RPC Interface

omlox™ hub can act as a Remote Procedure Call (RPC) gateway via WebSocket, allowing local devices or services to connect with other devices or services over local network infrastructure and the internet (which are normally seperate from another and not reachable). This allows for querying of sensor data and device capabilities, or initiating firmware updates as well as other types of information exchange which can be handled via RPC. The omlox™ RPC interface is based on the JSON-RPC exchange format version 2.0 [1].

The image below illustrates the building blocks of the architecture with a simple example data flow:

The endpoint for the omlox™ RPC interface is at /v1/ws/rpc.

The general data flow is as follows:

  1. A service which provides certain functionality registers itself at the omlox™ hub and announces that it wants to handle a method. This can be anything from querying sensor data of local tags, managing firmware updates of on-site devices, or remote communication between services. In our example flow, we register for a method named “Blink LED” to control a local LED light.

  2. A client application (e.g. a web browser in the local network or over the internet) can now send the RPC Request with the method name “Blink LED” together with optional parameters. The omlox™ hub will forward this call with the parameters to all services handling the “Blink LED” request.

  3. The services which registered themselves for handling “Blink LED” will receive the client request and reply with an RPC response message.

  4. The omlox™ hub forwards this response message to the client. By default, only the first response is forwarded and the request is finalized.

Registering for RPC method handling is done by sending an RPC request containing the method name “register”, the parameters “method”, and a name for the method as values in the parameters of the request. Example:

{
  "jsonrpc": "2.0",
  "method": "register",
  "params": {
    "method": "Blink LED"
  },
  "id": 1
}

omlox™ hub defines three optional properties for the JSON-RPC Request structure:

  • stream: When set to true, all responses are continuously forwarded to the client that which created the request. The stream will end when the timeout for the request is reached (see timeout description below).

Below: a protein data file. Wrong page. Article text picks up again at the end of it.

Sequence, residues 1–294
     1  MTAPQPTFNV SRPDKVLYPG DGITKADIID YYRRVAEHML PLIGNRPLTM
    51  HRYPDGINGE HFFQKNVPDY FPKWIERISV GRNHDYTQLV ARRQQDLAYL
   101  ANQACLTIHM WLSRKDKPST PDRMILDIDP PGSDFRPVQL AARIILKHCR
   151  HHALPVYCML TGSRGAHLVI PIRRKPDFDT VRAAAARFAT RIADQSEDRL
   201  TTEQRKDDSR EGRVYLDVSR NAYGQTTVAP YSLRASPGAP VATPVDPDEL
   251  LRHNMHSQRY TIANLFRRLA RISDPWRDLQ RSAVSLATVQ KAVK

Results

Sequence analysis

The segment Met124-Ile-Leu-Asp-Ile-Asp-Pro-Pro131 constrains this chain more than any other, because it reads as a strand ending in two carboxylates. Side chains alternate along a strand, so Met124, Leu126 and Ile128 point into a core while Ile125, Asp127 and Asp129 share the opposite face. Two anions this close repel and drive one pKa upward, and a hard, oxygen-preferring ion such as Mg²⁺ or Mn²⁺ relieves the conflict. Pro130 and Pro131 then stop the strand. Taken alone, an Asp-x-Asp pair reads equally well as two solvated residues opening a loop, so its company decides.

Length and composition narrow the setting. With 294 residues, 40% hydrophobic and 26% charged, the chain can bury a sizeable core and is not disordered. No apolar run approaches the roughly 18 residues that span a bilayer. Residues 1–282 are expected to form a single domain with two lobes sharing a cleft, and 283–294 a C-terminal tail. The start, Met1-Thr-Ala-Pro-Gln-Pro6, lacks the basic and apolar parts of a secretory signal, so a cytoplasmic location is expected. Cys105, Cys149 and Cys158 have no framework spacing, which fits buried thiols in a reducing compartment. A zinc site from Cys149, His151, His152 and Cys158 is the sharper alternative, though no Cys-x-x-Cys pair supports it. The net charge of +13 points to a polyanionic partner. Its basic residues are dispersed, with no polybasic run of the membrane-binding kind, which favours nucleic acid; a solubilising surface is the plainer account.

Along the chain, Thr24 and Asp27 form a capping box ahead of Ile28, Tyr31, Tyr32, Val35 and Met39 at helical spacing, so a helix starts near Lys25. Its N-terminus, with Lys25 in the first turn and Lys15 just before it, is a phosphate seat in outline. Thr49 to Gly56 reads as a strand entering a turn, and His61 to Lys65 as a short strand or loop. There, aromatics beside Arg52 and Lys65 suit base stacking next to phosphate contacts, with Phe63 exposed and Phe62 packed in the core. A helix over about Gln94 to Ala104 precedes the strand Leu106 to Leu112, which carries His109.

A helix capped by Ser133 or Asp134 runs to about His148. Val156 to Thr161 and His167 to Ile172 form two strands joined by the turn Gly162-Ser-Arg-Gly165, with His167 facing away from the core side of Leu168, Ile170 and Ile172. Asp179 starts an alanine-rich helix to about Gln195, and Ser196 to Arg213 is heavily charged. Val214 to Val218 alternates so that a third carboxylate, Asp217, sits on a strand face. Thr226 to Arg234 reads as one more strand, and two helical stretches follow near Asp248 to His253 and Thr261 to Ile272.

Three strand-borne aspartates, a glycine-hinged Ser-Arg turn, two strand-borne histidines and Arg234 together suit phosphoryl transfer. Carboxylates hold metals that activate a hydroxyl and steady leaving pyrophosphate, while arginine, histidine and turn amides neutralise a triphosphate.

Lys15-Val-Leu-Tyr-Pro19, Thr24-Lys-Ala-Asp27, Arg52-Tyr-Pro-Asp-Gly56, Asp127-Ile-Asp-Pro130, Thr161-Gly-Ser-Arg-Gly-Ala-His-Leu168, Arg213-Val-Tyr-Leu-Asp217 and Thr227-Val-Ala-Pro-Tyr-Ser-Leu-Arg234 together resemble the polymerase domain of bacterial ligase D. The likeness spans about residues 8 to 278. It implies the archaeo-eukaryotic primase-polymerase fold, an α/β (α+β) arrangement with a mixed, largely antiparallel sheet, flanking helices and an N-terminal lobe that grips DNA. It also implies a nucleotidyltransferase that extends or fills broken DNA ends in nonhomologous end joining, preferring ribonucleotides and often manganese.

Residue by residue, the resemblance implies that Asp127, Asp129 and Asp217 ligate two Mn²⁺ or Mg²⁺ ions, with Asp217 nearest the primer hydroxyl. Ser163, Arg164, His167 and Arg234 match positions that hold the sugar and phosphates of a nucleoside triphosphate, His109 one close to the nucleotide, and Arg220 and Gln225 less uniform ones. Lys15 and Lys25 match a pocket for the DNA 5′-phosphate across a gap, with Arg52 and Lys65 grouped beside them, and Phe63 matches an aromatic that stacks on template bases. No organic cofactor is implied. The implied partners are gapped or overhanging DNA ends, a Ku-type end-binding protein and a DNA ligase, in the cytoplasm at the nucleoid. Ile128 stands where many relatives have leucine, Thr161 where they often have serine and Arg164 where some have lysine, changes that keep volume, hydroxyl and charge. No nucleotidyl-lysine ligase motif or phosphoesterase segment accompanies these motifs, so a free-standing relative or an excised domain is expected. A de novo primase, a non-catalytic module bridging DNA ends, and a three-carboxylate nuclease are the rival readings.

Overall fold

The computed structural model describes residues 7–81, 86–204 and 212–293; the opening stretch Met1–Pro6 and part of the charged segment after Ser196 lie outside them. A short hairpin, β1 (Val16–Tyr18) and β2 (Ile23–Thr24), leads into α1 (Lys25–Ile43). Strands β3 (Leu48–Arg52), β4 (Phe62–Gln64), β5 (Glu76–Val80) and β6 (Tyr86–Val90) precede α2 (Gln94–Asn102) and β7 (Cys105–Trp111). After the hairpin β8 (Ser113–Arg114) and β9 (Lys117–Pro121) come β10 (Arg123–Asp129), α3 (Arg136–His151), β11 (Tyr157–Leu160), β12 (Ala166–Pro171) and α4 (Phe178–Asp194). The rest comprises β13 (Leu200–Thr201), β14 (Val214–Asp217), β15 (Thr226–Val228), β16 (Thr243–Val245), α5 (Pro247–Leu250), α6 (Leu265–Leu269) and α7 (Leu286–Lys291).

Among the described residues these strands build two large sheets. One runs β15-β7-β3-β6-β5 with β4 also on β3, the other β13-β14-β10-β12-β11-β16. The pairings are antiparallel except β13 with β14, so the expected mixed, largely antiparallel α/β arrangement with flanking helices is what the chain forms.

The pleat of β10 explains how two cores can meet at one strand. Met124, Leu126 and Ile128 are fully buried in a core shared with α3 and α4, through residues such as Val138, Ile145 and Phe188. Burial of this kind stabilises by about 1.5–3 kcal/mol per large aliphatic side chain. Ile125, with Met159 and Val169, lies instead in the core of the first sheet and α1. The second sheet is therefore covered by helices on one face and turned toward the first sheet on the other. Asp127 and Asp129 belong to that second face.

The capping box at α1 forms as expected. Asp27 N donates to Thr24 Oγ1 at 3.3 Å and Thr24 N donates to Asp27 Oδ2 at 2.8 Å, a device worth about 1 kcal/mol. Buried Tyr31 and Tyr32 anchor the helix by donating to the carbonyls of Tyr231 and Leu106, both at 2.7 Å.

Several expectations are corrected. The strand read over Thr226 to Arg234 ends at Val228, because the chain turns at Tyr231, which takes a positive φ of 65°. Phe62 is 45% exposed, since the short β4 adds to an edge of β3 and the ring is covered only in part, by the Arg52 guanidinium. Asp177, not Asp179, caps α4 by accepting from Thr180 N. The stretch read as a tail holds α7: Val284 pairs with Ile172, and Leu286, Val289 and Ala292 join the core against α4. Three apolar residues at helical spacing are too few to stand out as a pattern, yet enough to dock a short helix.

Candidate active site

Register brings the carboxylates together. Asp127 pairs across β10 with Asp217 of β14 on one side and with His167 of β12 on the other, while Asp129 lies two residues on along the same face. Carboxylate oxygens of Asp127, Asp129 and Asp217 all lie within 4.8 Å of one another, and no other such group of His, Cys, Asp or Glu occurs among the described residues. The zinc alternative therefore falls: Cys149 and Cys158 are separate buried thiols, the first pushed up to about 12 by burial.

• aggregate: All data is combined into a single response and forwarded to the client that created the request. The aggregated result is delivered after each registered handler sends a response or the timeout is reached - whichever comes first.

  • timeout: The timeout after which the request should expire. The timeout is expressed in milliseconds instead of seconds to allow for realtime applications.

The RPC response for aggregated results combines whole RPC messages into the result array of the final RPC response, and not only the results. This allows for the collection of error messages between success messages as shown in the example aggregate response below. Here, there is one error message next to a success message:

{
  "jsonrpc": "2.0",
  "id": 2,
  "result": [
    {
      "jsonrpc": "2.0",
      "id": 2,
      "result": "blinking"
    },
    {
      "jsonrpc": "2.0",
      "error": {
        "code": -32601,
        "message": "Light is defect"
      },
      "id": 2
    }
  ]
}

In addition, an optional property “zone_id” with a UUID of an omlox™ zone in the params section of a register request can be used to register for RPC calls for a particular zone. This allows RPC handlers which only work within a zone to avoid processing unnecessary requests (e.g. trying to reach tags which can only be reached when in that zone).

Example message flow

Alice registers herself for a method named “hello” and answers everybody who says hello to her with “Hello World!”.

Note: This example explains all intermediate steps of the message flow and thus looks longer-winded than it would be from an application perspective. From an application perspective, a client just sends a request and gets back a reply.

  1. Alice connects to the RPC WebSocket interface of the Hub (e.g. ws://localhost:8081/v1/ws/rpc for a local instance).

  2. Alice registers herself to handle a “hello” method by sending an RPC request to the Hub:

Alice -> Hub:

{
  "jsonrpc": "2.0",
  "method": "register",
  "params": {
    "method": "hello",
    "zone_id": "123"
  },
  "id": 1
}

The Hub responds with an ok message:

Hub -> Alice:

{
  "jsonrpc": "2.0",
  "id": 1,
  "result": true
}
  1. Another client, Bob, connects to the Hub and calls method “hello”. Alice will get this request.

Bob -> Hub:

{
  "jsonrpc": "2.0",
  "method": "hello",
  "id": 2,
  "params": {
    "zone_id": "123"
  }
}
  1. Bob’s message is processed by the hub and forwarded to Alice.

Hub -> Alice:

{
  "jsonrpc": "2.0",
  "id": 10000,
  "method": "hello"
}

Important details for hub implementors (not application users): Notice that Alice will see a different id in the request. This is because the Hub uses it’s own IDs and will resolve back to the original ID which the caller used (in our example Bob used ID 2) when a response is sent by Alice to the Hub. This is a necessary step done to fulfill the requirement of the JSON-RPC specification in order to uniquely relate requests and responses, and to respond with the same ID the client used in the original request sent to the Hub.

  1. Alice can now respond to the hello request reply with a friendly “Hello World!”.

Alice -> Hub:

{
  "jsonrpc": "2.0",
  "result": "Hello World!",
  "id": 10000
}
  1. The hub processes Alice’s message, replaces the ID with the one Bob used in his request, and orwards the response to Bob:

Hub -> Bob:

{
  "jsonrpc": "2.0",
  "result": "Hello World1!",
  "id": 2
}

[1] https://www.jsonrpc.org/specification